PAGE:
The first steps to a successful disposition of the marital property in a divorce is to have a clear understanding of your own financial position. An accurate understanding of your financial situation or the emotional turmoil of divorce may cause you to make ‘snap decisions’ that could adversely impact your future financial position. A Real Estate Divorce Specialist with experience in Family Law will help you not make mistakes that can harm your future.
Likewise, I realize that at least one, if not both, spouses will have to find alternate living arrangements. As your listing agent I will, if you desire, not only list and sell your marital home but assist you in locating a new rental apartment, home or the purchase of a new home.
LEGAL AND FINANCIAL RESPONSIBILITY
It is crucial to know who bears legal and financial responsibility for making the mortgage payments and that these payments are made and on time along with other payments for HOA fees, taxes and insurance, especially if these are not incorporated into the monthly payment in escrow.
- Mortgage payment, if both are on the mortgage, whether on deed/title or not and especially if one spouse living in home and one or both making the payment
- The following must be accounted for, especially if not escrowed with lender in mortgage payment:
- Homeowner’s association (HOA) fees
- Homeowner’s insurance – be sure to check which party is beneficiary
- Property taxes and liens
- Second mortgage such as a HELOC or other loans that encumber the property
- Utilities – those related to the home may include electricity and / or gas and water
- A reasonable set aside for maintenance and repair PLUS which party will pay for repairs
It is critical that you collect and immediately provide to your attorney with all information regarding your home insurance, property taxes and liens, mortgage and marital debts, and marital assets. The more prepared you are to face your financial future, the more secure you will be moving forward. Knowing where every dollar is and where it must go will help you make better decisions and avoid adding undue additional stress to the already uncertain future that accompanies divorce.
The following are the main options to consider regarding the marital home (possibly only one piece of the marital property), and requires a significant amount of due diligence, financial planning, and difficult decisions. The bottom line is that knowing your financial situation will bring you some security that is very important for you at this turbulent and pivotal time in your life.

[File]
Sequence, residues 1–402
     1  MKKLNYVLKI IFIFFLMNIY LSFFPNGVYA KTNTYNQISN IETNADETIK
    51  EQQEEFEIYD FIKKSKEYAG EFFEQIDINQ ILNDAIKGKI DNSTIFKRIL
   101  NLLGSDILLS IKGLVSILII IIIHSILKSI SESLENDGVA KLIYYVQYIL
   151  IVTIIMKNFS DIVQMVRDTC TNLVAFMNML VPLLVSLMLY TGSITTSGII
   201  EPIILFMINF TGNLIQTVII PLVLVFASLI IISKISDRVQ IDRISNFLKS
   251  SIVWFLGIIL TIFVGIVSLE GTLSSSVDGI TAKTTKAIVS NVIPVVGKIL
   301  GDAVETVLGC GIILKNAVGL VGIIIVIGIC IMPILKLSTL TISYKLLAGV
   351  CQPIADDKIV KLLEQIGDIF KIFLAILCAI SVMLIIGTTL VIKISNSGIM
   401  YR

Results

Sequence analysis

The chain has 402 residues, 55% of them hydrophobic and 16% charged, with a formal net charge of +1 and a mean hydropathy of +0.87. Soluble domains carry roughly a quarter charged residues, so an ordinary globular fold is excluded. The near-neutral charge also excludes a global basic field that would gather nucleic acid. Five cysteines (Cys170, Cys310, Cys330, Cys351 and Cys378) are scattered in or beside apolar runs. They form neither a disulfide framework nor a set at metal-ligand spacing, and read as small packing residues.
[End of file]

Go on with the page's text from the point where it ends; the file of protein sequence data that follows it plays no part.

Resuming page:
Affordability and objective forethought are the keys to your decision-making process. Inaccurate, incomplete and bad information results in poor decisions that can affect you and your former spouse, long after the divorce is finalized.
KEEPING THE HOUSE
When divorcing couples have school-age children, they often decide to allow one spouse to remain in the home to avoid disrupting the children’s routine, school attendance, and social relationships. This can be accomplished with the aid of legal counsel who will draw up written agreements between the spouses. About one-third of divorces end up in court because of disagreement over marital property division. if you’re in that unfortunate one-third, going to trial doubles the cost of the divorce. As an experienced Divorce Real Estate Specialist, I know how to work with your attorneys to provide them with the information to help you settle on an agreeable division of your real estate property.
Your attorney, or a court appointed mediator, may prepare a clear-cut agreement, signed by both parties, help avoid contention surrounding responsibility for the maintenance, expenses, and future sale of the family home, whether it be to the spouse who remains in residence or an outside buyer. This is why it is important to know your financial position and how much each spouse can contribute. If one spouse fails to make their share of payments, it can negatively affect both parties’ credit ratings and complicate the later sale of the home as well as the ability to obtain a rental property or even worse impact the purchase of another home. Worse yet, the responsible spouse fails to make required payments and the house gets set for foreclosure!
SELLING THE HOUSE
For most couples going through a divorce, selling the house is the best solution. Selling a home under any circumstances takes a great deal of time and effort, so the addition of the emotional stress of divorce can make the task overwhelming. This is where I have been able to help so many couples. I am not only an experienced Realtor, a Certified Divorce Specialist but also a participant in my own divorce – I have been where you are!
THE EMOTIONAL SIDE OF SELLING YOUR HOME